Osteoporosis is defined by the World Health Organization (WHO) as a bone mineral density of 2.5 standard deviations or more below the mean peak bone mass (average of young, healthy adults) as measured by dual-energy X-ray absorptiometry. The term "established osteoporosis" includes the presence of a fragility fracture. It is a medical condition that affects the bones, causing them to become weak and fragile and more likely to break (fracture).

Common form of osteoporosis:

1) Primary Osteoporosis:

Type I: It is also called as postmenopausal osteoporosis.
Type II: Type II or senile osteoporosis occurs after age 75 and is seen in both females and males at a ratio of 2:1.

2) Secondary Osteoporosis:

Secondary osteoporosis may arise at any age and can affect men and women equally.
This form results from chronic predisposing medical problems or disease, or prolonged use of medications such as glucocorticoids, when the disease is called steroid induced or glucocorticoid-induced osteoporosis.

Merck Serono - Bone and Joint Health


The content of this module has been validated by Dr S. Y. Kothari, Retd. Special DGHS, Ministry of Health and Family Welfare, Government of India on 18/3/2015

Osteoporosis develops slowly over several years. Sometime a minor fall or sudden impact can cause a bone to fracture. Typical fragility fractures occur in the vertebral column, rib, hip and wrist.

Symptoms include:

  • Joint pain
  • Swelling
  • Loss of height and stooped posture.
  • Disfigurement
  • A curved upper back (dowager's hump).
  • Debilitation

Reference: www.nhs.uk

Osteoporosis may be caused due to decrease in density of bones.

Risk Factors:

Women are at greater risk of developing osteoporosis than men. This is because changes in hormone levels can affect bone density. Female hormone estrogen is essential for healthy bones. After the menopause, the level of estrogen in the body falls, and this can lead to a rapid decrease in bone density.

In most of the men who develop osteoporosis, the cause is unknown. However, there is a link to the male hormone testosterone, which helps to keep the bones healthy. Men continue to produce this hormone into old age, but the risk of osteoporosis is increased in men with low levels of testosterone.

Diseases of the hormone-producing glands There are increased chances of Osteoporosis by hormone-related diseases, including:

  • Hyperthyroidism (overactive thyroid gland)
  • Disorders of the adrenal glands, such as Cushing's syndrome
  • Reduced amounts of sex hormones (oestrogen and testosterone)
  • Disorders of the pituitary gland
  • Hyperparathyroidism (overactivity of the parathyroid glands).

Other things thought to increase the risk of osteoporosis and broken bones include:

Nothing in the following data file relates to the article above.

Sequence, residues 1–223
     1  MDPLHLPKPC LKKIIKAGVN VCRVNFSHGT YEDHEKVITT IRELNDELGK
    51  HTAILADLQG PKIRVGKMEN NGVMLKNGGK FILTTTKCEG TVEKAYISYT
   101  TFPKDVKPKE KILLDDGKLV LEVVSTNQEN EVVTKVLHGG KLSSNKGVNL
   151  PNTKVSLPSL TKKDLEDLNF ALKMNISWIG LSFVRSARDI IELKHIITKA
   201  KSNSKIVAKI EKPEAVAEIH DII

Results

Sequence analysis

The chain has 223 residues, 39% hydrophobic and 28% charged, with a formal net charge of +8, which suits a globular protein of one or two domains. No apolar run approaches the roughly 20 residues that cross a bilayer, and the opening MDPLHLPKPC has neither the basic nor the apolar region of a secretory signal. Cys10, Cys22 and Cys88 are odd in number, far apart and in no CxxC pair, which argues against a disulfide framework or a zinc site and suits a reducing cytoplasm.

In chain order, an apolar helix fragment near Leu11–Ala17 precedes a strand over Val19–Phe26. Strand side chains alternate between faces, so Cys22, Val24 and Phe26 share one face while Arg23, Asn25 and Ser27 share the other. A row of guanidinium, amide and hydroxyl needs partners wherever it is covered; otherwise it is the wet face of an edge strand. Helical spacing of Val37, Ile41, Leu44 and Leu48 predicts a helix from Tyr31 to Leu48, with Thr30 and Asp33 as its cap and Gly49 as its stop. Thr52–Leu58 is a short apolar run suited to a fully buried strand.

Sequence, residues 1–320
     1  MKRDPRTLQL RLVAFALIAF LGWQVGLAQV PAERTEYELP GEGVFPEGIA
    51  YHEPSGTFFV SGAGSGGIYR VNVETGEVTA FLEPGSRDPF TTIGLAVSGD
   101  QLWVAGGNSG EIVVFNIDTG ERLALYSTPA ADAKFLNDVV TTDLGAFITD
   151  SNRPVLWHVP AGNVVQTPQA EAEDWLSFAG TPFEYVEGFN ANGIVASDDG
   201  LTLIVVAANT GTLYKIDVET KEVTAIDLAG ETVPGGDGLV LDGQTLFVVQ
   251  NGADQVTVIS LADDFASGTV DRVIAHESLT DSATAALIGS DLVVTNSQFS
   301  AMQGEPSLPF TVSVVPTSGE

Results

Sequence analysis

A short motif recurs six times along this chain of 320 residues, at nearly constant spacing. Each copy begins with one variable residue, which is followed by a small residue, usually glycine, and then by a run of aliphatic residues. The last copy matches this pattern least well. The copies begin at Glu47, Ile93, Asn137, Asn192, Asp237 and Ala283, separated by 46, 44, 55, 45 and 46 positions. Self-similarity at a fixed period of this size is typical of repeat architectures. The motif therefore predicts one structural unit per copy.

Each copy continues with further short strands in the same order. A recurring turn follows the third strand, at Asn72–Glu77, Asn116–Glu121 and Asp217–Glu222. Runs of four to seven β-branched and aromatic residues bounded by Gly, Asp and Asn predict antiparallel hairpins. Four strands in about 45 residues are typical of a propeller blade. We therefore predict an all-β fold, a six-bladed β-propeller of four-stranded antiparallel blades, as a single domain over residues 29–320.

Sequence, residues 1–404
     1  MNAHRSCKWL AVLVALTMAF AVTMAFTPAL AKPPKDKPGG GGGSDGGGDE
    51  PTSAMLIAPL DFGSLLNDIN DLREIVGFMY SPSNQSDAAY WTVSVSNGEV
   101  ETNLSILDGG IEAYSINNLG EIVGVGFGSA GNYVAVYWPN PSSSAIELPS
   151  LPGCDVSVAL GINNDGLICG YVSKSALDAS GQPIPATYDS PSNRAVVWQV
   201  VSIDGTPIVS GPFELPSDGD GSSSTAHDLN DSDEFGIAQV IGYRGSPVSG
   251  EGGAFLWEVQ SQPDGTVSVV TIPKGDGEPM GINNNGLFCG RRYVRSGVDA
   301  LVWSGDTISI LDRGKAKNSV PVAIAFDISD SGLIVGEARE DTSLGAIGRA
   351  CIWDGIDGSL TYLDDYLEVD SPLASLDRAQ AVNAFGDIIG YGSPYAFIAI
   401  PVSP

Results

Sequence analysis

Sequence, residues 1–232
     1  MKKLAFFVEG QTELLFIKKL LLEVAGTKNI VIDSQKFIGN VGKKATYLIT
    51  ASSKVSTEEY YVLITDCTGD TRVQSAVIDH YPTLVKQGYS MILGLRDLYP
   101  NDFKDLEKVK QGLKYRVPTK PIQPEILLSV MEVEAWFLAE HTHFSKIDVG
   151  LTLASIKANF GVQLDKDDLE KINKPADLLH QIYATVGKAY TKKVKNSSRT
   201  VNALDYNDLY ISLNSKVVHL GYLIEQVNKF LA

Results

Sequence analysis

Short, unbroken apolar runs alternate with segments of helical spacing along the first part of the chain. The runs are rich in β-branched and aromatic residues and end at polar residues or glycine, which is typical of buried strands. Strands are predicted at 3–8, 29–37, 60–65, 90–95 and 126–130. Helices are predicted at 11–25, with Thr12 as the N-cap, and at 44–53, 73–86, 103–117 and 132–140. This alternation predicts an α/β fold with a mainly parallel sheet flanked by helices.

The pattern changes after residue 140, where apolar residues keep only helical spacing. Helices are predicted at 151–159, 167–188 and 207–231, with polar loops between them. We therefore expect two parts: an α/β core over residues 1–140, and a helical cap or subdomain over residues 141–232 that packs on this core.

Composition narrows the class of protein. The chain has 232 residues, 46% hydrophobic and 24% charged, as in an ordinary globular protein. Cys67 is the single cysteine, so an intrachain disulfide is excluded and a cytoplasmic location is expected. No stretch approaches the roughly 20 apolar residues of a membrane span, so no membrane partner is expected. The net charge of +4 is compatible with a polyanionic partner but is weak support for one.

• Family history of osteoporosis
  • A low body mass index (BMI) of 19 or less
  • Long-term use of high-dose corticosteroid treatment (widely used for conditions such as arthritis and asthma), which can affect bone strength
  • Heavy drinking and smoking
  • Rheumatoid arthritis

Reference: www.nhs.uk

Osteoporosis is often diagnosed after the weakening of the bones has led to a fracture. Diagnosis can be made on suspicion when patient approaches a doctor for any other reason or x-ray is done otherwise and bones appear weak.

Conventional radiography
Conventional radiography is used either alone or in conjunction with CT or MRI, for detecting complications of osteopenia (reduced bone mass preosteoporosis). However, radiography is relatively insensitive to detection of early disease and requires a substantial amount of bone loss (about 30%) to be apparent on X-ray images. The main radiographic features of generalized osteoporosis are cortical thinning and increased radiolucency. Involvement of multiple vertebral bodies leads to kyphosis of the thoracic spine, leading to what is known as dowager's hump.

Dual-energy X-ray
Dual-energy X-ray absorptiometry (DXA) is considered the gold standard for the diagnosis of osteoporosis. Osteoporosis is diagnosed when the bone mineral density is less than or equal to 2.5 standard deviations below that of a young (30–40-year-old) healthy adult women reference population. This is translated as a T-score.

Chemical biomarkers are a useful tool in detecting bone degradation. The enzyme cathepsin K breaks down type-I collagen protein, an important constituent in bones. Antibodies recognizes the resulting fragment, called a neoepitope, as a way to diagnose osteoporosis. Increased urinary excretion of C-telopeptides, a type-I collagen breakdown product, also serves as a biomarkers for osteoporosis.

Reference: www.nhs.uk

Tobacco smoking and high alcohol intake have been linked with osteoporosis. Cessation of smoking and moderation of alcohol intake are commonly recommended.

Vitamin D and calcium supplements together can result in preventing fractures. However, there is an increased risk of myocardial infarctions and kidney stones with excess of these supplements.

Bisphosphonates are useful in decreasing the risk of future fractures. Teriparatide (a recombinant parathyroid hormone) has been shown to be effective in treatment of women with postmenopausal osteoporosis.

Regular exercises: Regular exercise is essential. Adults are advised to workout for at least 30 minutes, five times a week. Weight bearing exercises are beneficial.

Healthy eating: Calcium and Vitamin D are essential for healthy bones. No smoking, No excess consumption of alcohol.

  • LAST UPDATED ON : Sep 16, 2015


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